My first semester in college (at UNT) I acquired a pretty head-over-heels crush on my best friend there. He, of course, had a head-over-heels crush on his girlfriend who was still at home, a thousand or so miles away. Throwing basic human respect to the wind, I did everything I could to show him how much he meant to me.
I transferred schools after one semester and pretty much gave up, but missed him every day. Months went by, and eventually I settled on procuring a boyfriend of my own; less than 48 hours after I'd committed myself to doing so, my beloved Pat called to inform me that he was single now, "too".

After graduating from Trinity, I spent my second summer as a counselor at Knox, thinking that I'd spend my spare time looking for "real" jobs. Well, not only did I not have any spare time, I didn't want a "real" job at all. Coming home from the summer, I hit frantic mode and started applying for every single job I could possibly find. After countless hours of searching and applying, I'd come across only one that I really wanted: ladies and gentlemen, a Post Office position had opened in Olmos Park, a whole 3 blocks away from my apartment. My application for the job was clever and smart and shiny and who wouldn't want a spunky college graduate to be their mail carrier?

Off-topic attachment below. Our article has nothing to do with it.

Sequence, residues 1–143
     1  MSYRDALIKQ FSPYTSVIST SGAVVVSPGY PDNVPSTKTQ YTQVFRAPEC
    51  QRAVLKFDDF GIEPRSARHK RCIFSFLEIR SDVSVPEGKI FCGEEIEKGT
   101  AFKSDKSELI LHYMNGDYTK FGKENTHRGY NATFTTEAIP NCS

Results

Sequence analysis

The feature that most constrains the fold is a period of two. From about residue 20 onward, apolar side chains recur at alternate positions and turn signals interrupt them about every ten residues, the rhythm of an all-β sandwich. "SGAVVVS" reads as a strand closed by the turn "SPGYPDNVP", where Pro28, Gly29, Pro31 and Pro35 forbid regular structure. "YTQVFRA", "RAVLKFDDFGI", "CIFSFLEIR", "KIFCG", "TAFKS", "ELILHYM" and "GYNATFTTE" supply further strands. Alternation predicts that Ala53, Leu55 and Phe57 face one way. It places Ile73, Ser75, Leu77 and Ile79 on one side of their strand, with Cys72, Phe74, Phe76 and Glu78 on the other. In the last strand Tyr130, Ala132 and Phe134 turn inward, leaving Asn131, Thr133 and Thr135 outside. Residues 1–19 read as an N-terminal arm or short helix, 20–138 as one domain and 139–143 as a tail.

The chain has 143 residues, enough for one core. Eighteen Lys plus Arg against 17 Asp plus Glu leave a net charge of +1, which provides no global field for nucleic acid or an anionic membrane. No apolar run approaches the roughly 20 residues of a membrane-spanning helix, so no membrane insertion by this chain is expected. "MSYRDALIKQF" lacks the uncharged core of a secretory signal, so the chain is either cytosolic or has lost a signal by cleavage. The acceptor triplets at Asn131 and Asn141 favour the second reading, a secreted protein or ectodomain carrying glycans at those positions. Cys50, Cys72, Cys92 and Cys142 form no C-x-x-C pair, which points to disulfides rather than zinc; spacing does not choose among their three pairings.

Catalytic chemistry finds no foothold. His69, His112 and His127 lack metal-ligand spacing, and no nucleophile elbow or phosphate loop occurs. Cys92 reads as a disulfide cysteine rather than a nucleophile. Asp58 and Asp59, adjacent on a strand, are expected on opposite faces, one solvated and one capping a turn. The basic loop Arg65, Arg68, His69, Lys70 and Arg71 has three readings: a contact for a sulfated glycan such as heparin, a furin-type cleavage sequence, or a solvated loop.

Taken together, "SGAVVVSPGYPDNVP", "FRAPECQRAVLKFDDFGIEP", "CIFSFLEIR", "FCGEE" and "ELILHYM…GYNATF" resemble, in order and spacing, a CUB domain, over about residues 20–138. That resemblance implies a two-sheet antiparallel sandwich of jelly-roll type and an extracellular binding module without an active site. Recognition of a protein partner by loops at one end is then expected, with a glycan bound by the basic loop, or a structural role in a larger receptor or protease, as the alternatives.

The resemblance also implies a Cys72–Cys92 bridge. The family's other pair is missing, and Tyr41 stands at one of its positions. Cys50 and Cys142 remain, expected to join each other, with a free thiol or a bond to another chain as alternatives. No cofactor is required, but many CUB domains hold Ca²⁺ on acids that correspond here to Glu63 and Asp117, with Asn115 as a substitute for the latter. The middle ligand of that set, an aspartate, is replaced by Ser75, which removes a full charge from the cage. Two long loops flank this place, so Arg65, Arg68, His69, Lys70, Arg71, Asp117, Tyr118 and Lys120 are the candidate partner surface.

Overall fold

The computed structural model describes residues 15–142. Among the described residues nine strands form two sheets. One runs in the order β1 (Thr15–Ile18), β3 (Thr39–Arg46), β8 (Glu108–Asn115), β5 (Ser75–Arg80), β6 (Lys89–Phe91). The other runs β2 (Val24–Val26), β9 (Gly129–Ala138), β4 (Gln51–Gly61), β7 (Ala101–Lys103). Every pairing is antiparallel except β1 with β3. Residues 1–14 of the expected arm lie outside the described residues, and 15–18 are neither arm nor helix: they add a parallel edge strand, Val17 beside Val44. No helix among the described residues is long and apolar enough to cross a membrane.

Evidently not the USPS, or so I thought. After at least two dozen interviews I was offered a job at the San Antonio Express-News (about which I have already complained) and in the middle of my third day there, I read a voicemail message on my lunch break asking me if I'd like to come in to the Olmos Park Post Office to see what working there was all about.

Most recently, though, I succumbed to a materialistic urge to purchase a MacBook Pro. Last night, I gathered up my courage and signed my soul away to BestBuy for an on-sale, open-box, generally-fantastic-deal MacBook Pro on which to begin my Mac foray. This morning, I was confronted with the online invitation to try the *new* MacBook Pro, starting at a cost approximately 300$ less than I literally just paid for mine. A newer Mac, a cheaper price. My stupid timing... and I'm still in over my head.